Second Class Parents?

May 25th, 2010

by Dr. Jennifer Roback Morse. Originally pubished at National Catholic Register, March 22,2010.

“Domestic partnerships make us second-class citizens. We want marriage, just like everyone else.”

This is the constant refrain of the marriage-redefinition advocates. Drawing a legal distinction, any legal distinction, between same-sex couples and opposite-sex couples is unfair and amounts to ill treatment of the same-sex couples. But does this argument really hold up?

I am reminded of a time in my life when I felt the law was treating me as a second-class citizen.

Back in the late 1980s, my husband and I were confronted with infertility. Powerful feelings of inadequacy and deprivation swept over us, threatening to sweep us away. The world, we felt, had dealt us a raw deal.

It was unfair. Why couldn’t we have a child? We were every bit as worthy as people who conceived naturally and easily. Why were we being cheated?

Going through the process of adoption only intensified the feeling of being less than everyone else. We had to undergo a criminal background check. We had to be “investigated” through a home study. We had to be fingerprinted. Biological parents don’t have to endure these indignities. We felt like second-class citizens.

But then, during one interminable day at the immigration office, it finally occurred to me that all these requirements — so unfair, onerous and offensive — actually weren’t about me at all. We had to jump through all these hoops for the benefit of children, and not just the particular child we would adopt.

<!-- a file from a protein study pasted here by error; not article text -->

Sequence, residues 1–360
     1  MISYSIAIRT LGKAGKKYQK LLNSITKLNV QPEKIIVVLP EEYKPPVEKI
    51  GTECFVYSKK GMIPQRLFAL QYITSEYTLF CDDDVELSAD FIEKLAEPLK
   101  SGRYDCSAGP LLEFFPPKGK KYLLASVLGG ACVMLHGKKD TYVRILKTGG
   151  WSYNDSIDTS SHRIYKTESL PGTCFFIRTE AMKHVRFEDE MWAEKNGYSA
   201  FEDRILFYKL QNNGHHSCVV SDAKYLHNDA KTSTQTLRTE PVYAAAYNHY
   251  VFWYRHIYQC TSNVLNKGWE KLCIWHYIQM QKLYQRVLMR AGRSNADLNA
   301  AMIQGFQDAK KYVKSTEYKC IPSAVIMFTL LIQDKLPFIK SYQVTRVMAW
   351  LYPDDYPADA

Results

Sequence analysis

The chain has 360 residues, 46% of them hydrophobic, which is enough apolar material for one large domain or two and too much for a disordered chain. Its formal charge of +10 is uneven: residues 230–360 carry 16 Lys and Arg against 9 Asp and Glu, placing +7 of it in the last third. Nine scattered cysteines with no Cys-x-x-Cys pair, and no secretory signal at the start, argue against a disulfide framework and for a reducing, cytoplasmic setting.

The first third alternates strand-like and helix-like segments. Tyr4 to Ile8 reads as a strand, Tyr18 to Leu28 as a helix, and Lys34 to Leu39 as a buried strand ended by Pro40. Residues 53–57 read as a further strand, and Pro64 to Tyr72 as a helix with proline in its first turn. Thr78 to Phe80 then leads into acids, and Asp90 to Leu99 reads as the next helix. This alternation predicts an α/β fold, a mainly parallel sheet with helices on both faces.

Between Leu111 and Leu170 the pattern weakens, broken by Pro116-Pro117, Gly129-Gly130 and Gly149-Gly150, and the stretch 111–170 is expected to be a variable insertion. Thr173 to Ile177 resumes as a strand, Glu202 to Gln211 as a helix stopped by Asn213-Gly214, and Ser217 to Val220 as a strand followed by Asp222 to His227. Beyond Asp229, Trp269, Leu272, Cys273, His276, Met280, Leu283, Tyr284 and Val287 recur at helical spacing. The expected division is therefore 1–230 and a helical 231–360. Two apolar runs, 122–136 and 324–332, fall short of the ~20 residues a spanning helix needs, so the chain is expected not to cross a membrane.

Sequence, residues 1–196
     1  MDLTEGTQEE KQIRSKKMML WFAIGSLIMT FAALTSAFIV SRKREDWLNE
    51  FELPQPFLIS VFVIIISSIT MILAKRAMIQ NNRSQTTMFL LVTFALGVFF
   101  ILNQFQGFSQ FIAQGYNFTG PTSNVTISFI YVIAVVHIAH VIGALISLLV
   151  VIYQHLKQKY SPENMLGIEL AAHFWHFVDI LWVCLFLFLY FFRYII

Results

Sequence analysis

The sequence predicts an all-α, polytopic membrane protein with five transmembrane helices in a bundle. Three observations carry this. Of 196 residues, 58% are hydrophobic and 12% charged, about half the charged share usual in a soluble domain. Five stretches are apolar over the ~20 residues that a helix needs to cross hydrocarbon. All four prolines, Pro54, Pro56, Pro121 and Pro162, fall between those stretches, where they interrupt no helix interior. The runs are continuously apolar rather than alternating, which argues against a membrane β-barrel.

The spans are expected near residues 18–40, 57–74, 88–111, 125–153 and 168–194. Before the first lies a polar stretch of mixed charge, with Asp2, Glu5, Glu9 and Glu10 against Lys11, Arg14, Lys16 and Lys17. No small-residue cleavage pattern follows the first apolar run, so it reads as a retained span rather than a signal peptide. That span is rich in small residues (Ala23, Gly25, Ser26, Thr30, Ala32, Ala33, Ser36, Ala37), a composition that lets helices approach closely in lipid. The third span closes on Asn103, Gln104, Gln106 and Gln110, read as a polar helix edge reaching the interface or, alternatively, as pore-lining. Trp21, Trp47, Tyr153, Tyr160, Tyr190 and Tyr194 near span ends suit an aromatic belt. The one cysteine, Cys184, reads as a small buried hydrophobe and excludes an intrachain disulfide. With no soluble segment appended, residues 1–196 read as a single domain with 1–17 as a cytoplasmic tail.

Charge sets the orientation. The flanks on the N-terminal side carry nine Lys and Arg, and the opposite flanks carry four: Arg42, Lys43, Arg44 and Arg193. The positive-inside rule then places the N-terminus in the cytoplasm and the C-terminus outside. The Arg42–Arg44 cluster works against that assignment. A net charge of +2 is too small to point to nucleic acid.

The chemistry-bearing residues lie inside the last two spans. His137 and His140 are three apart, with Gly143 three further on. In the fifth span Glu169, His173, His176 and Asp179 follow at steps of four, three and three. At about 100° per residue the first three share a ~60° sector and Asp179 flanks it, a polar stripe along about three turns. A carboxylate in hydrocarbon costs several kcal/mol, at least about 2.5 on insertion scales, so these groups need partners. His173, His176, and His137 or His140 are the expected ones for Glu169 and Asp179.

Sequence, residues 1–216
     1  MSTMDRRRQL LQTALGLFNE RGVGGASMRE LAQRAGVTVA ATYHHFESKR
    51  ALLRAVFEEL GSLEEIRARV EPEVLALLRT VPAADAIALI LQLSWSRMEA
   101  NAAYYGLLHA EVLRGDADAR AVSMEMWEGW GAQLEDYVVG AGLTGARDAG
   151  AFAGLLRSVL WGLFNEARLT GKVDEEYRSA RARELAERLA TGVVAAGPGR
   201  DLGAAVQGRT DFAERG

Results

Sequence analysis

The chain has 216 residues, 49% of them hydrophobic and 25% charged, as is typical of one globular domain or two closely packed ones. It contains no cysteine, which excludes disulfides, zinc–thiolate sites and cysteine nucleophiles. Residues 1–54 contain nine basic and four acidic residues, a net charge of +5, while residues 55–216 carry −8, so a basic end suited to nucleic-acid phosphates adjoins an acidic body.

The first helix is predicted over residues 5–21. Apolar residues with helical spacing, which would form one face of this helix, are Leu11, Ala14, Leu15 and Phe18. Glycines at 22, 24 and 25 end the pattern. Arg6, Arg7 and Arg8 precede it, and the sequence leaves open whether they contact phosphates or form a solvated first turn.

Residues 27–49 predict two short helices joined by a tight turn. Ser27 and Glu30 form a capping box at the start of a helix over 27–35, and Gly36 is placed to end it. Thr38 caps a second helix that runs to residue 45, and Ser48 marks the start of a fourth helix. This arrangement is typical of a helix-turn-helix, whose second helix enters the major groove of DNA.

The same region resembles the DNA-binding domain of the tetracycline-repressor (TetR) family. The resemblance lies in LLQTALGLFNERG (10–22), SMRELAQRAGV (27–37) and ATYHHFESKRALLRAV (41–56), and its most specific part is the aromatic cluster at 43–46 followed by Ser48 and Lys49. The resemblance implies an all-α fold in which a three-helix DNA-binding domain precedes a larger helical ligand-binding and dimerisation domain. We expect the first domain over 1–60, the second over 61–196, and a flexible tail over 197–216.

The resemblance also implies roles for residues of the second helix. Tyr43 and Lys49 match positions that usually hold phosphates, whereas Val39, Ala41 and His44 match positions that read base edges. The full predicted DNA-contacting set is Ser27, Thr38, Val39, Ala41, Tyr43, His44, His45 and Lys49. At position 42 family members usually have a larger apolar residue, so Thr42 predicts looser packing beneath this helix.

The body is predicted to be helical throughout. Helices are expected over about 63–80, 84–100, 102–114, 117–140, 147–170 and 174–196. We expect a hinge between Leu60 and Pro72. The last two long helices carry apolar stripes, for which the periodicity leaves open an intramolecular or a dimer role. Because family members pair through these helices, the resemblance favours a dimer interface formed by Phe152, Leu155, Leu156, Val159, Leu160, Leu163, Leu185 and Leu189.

We had to go through all these extra steps because it really is a big deal to bring a little boy halfway around the world to give him to someone other than his natural parents.

The legal requirements are in place to protect children who cannot protect themselves. The forms, the fingerprinting, the investigations: These minimal inconveniences really do nothing more than weed out the worst and most obvious of the bad actors among prospective parents. And complying with these rules conveys a tacit but unmistakable message: Giving a child to an unrelated adult is not something to take lightly.

That day in the immigration office, it finally dawned on me that adoption exists to give children the parents they need, not to give adults the children they want. Any benefits to adults are strictly incidental. The basic way children get parents is that they are born to them. Adoption handles the exceptional cases of children whose biological parents cannot take care of them — without undermining the general rule that biology determines parentage.

I resolved to let go of the self-pity as a first act of love for a child I hadn’t even seen yet.

What does this have to do with same-sex “marriage”? The plain fact of the matter is that same-sex couples cannot have children together. Any child born to one of them has another biological parent somewhere outside the couple. Parental rights have to be detached from that person. Parental rights have to be attached to the nonbiological parent within the same-sex couple. These are not insignificant steps. The legal system does not, and should not, automatically compress those steps into one by trying to treat same-sex couples the same way as opposite-sex couples.

Once we think about this from the child’s point of view, we can see that it actually makes more sense to have two different systems: biology for the ordinary case of natural parents and adoption for everyone else. Marriage supports the biological principle in the case of opposite-sex couples. The husband of the mother is presumed to be the father of the child because, more than 90% of the time, he is. But changing the “presumption of paternity” to a “presumption of parenthood” actively undermines the biological principle in the case of same-sex couples.

The “presumption of parenthood” separates the child from his or her natural parent in 100% of the cases of same-sex couples.

So, no, I don’t believe that domestic partnerships make same-sex couples into “second-class citizens.” The differences between marriage and the other legal arrangements are tracking substantial real differences, not mere prejudice.